Kristin Andreassen traveled the world her previous projects Uncle Earl and Sometymes Why, but this year the Brooklyn artist embarked on the first headlining tour supporting her solo work. The tour is timed with the release of Gondolier (Amazon), Andreassen’s first solo album in six years, which similarly ventures into new territory than her prior work with its songs that cross throwback old time with more modern and adventuresome folk. Due out on February 17th, the album, stunning both lyrically and musically, features accompaniments by an all-star cast from New York’s bluegrass and folk scene, including Aoife O’Donovan and Ruth Ungar Merenda (Mike + Ruthy) on backing vocals, as well as Chris Eldridge & Paul Kowert (Punch Brothers), Jefferson Hamer, Alec Spiegelman and others in the backing band.
I caught up with Andreassen over the weekend to get the skinny on the new album and more.
You’ve had a bunch of great projects since your last solo album, but was there anything holding you back from putting out a follow up?
Great question. I think there are two answers. The simple one is Miles of Music Camp. I started this all-ages music camp five years ago, and while it’s been incredibly rewarding, it definitely took my focus away from my own music career. To be completely honest, If I’d known how much work it would be, I probably wouldn’t have done it! But now, the camp is doing well so I have some free time again, and it turns out that the people I met through camp are some of my biggest supporters in putting this new album out. Being a part of this community is now giving me lots of energy to create again, and in that sense I think I’ve spent this break exactly how I was meant to.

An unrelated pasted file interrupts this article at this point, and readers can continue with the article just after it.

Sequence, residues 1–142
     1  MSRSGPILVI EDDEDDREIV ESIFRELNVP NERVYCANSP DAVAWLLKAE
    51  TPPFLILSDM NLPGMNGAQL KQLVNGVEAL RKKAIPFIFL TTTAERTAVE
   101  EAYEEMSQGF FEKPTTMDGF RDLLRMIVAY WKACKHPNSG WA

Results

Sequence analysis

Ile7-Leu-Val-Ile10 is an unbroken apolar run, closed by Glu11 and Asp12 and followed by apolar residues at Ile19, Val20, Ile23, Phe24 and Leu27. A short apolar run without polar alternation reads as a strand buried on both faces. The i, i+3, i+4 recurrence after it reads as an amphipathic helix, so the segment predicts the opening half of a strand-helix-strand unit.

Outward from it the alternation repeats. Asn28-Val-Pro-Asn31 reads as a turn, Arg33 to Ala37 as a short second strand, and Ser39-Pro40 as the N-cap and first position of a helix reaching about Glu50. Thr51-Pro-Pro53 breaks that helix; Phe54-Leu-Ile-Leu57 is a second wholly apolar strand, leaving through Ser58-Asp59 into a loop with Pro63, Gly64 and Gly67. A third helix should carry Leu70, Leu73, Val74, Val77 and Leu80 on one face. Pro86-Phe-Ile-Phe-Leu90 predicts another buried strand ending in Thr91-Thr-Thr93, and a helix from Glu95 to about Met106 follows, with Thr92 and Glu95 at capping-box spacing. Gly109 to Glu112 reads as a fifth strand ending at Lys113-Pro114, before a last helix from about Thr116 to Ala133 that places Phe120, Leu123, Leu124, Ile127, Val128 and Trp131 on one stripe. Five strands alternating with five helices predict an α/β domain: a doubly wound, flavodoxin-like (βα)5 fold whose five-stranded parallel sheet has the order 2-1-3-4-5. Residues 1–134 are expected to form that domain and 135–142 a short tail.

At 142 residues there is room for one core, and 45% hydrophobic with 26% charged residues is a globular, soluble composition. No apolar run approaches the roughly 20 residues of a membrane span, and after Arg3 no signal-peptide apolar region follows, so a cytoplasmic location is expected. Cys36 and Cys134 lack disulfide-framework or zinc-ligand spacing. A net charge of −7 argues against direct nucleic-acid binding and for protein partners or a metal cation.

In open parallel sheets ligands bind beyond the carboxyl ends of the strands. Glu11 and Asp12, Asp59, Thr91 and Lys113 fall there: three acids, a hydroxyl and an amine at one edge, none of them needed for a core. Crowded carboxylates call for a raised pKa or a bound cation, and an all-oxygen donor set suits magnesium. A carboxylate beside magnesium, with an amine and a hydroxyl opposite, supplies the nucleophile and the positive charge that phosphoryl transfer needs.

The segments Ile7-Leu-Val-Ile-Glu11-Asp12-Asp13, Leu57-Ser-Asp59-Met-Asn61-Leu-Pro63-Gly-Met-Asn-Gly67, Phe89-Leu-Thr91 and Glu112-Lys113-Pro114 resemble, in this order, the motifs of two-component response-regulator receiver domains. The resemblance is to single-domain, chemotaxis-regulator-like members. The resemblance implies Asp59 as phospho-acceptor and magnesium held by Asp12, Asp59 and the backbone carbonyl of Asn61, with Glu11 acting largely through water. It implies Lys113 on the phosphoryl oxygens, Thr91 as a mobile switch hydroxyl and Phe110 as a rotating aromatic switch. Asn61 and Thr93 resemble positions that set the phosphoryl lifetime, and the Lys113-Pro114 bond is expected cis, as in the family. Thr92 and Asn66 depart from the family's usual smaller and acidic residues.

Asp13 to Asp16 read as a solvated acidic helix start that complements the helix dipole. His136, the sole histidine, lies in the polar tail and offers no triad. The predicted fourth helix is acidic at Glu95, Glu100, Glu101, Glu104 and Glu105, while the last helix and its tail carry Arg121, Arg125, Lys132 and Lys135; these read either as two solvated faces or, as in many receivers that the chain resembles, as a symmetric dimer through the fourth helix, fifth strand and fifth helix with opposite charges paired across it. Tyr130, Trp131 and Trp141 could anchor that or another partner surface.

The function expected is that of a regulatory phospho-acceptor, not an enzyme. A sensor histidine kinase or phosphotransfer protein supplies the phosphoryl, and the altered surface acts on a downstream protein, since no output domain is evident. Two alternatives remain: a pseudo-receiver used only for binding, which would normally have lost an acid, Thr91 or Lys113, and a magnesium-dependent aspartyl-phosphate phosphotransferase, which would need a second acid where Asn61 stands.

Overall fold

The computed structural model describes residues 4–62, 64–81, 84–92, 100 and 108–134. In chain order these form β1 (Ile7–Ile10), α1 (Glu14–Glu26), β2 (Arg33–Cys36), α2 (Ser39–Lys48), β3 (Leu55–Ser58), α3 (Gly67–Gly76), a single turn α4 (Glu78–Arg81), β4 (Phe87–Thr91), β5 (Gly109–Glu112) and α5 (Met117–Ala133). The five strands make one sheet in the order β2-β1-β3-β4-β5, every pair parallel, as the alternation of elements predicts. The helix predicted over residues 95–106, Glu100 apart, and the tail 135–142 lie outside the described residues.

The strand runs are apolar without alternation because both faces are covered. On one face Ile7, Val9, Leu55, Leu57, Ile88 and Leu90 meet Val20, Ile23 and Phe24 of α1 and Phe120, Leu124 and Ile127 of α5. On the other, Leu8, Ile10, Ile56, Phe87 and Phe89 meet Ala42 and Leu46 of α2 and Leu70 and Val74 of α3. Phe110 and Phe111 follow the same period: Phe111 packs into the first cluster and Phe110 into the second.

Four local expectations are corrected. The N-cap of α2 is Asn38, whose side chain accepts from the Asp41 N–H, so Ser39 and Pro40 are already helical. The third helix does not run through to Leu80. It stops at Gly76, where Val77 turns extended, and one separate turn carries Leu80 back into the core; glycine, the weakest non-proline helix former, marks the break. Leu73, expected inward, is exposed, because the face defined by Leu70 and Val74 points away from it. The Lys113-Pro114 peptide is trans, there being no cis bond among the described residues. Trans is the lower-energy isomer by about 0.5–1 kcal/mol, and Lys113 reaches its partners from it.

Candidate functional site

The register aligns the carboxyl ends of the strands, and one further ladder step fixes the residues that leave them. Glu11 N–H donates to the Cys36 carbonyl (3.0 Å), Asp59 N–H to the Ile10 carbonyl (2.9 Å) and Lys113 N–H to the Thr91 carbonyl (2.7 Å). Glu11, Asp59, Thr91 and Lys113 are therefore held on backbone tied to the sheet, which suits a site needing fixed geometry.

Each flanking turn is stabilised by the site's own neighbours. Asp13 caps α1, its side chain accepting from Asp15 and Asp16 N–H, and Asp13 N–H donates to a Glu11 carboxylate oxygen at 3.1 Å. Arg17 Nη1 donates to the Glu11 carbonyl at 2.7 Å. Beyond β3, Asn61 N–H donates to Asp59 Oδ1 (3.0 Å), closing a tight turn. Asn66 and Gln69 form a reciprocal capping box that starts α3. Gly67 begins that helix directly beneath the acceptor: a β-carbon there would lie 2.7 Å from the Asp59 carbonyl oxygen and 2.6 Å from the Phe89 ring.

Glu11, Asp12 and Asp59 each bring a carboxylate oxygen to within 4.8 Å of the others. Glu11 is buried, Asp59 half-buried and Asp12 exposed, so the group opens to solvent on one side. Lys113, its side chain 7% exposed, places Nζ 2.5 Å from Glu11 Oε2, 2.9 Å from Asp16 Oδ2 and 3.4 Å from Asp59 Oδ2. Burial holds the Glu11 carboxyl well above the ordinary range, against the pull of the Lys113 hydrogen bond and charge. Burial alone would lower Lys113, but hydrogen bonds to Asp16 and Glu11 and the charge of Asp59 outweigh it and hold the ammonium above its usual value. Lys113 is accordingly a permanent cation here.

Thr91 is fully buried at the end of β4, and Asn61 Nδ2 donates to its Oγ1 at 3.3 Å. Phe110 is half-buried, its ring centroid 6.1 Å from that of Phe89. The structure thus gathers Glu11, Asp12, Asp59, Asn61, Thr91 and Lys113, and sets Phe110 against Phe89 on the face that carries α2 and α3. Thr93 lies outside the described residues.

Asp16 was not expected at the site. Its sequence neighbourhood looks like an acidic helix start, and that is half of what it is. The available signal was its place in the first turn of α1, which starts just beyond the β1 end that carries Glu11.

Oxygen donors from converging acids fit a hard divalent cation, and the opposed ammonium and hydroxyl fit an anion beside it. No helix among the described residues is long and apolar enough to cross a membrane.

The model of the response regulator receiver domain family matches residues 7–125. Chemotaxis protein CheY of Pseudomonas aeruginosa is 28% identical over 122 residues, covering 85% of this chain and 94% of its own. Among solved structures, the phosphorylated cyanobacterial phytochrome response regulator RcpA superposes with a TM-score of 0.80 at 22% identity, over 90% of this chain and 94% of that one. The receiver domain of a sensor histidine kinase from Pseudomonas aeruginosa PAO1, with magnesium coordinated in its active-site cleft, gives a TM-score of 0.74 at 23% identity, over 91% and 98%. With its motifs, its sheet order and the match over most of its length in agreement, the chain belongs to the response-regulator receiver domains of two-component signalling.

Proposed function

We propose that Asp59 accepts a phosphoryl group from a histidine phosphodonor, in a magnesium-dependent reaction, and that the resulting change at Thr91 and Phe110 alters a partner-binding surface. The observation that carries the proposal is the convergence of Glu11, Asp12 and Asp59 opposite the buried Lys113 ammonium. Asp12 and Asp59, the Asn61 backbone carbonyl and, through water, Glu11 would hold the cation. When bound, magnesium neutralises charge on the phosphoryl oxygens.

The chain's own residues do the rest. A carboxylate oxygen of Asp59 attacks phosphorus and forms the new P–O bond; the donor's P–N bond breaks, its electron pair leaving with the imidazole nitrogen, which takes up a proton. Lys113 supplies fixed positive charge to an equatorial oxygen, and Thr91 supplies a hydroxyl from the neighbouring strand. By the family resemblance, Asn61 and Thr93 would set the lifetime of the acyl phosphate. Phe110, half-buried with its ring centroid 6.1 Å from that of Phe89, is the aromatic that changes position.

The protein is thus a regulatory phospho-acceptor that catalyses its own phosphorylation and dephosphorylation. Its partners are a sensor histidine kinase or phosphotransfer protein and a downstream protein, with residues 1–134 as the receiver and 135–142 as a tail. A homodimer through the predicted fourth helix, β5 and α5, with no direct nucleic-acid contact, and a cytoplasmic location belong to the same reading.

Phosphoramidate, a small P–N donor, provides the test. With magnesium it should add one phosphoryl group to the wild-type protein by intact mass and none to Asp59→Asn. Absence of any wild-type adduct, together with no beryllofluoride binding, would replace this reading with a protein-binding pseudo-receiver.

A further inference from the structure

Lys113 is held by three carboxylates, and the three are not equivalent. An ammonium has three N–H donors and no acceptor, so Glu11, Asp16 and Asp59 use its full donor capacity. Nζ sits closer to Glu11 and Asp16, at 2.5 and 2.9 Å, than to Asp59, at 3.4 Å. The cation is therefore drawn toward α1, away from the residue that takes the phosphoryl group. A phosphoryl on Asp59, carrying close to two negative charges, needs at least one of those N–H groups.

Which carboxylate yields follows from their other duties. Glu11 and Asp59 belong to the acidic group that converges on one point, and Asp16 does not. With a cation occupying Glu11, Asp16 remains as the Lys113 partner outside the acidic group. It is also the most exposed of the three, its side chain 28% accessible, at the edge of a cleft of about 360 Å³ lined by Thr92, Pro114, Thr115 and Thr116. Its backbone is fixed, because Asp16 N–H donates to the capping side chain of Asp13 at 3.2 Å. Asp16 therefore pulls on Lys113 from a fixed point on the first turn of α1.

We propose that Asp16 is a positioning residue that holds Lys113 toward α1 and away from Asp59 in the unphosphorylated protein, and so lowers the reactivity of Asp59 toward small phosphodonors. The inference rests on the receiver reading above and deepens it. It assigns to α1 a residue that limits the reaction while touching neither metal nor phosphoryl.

The second answer is a little more complicated and psychological. I’ve always loved writing and recording, but the truth is I’ve been ambivalent about promoting myself as a solo artist and band leader. My bands Uncle Earl and Sometymes Why ran their course around 2009, and while my first album was doing pretty well on the radio, I knew exactly how much work it is to launch a solo career and I just wasn’t sure that’s what I wanted.
Then Robin MacMillan came to me about two years back and convinced me that I was hoarding songs and I just needed to record and share them with people. He wanted me to do it for the sake of making art, with no specific timeline for releasing an album. That sounded easy enough, and we slowly created the core of these recordings. Eventually, I thought “Yeah, I would like to share this music with people. That would be fun.” That’s why I thank Robin more than anyone else involved in this project. He really helped me get past the question of “Why?” and instead just ask “What should it sound like?”
You wrote most of the songs for Gondolier on an island in New Hampshire’s Lake Winnipesaukee – the site for your annual Miles of Music Camp. Why’d you choose to make that your writing place?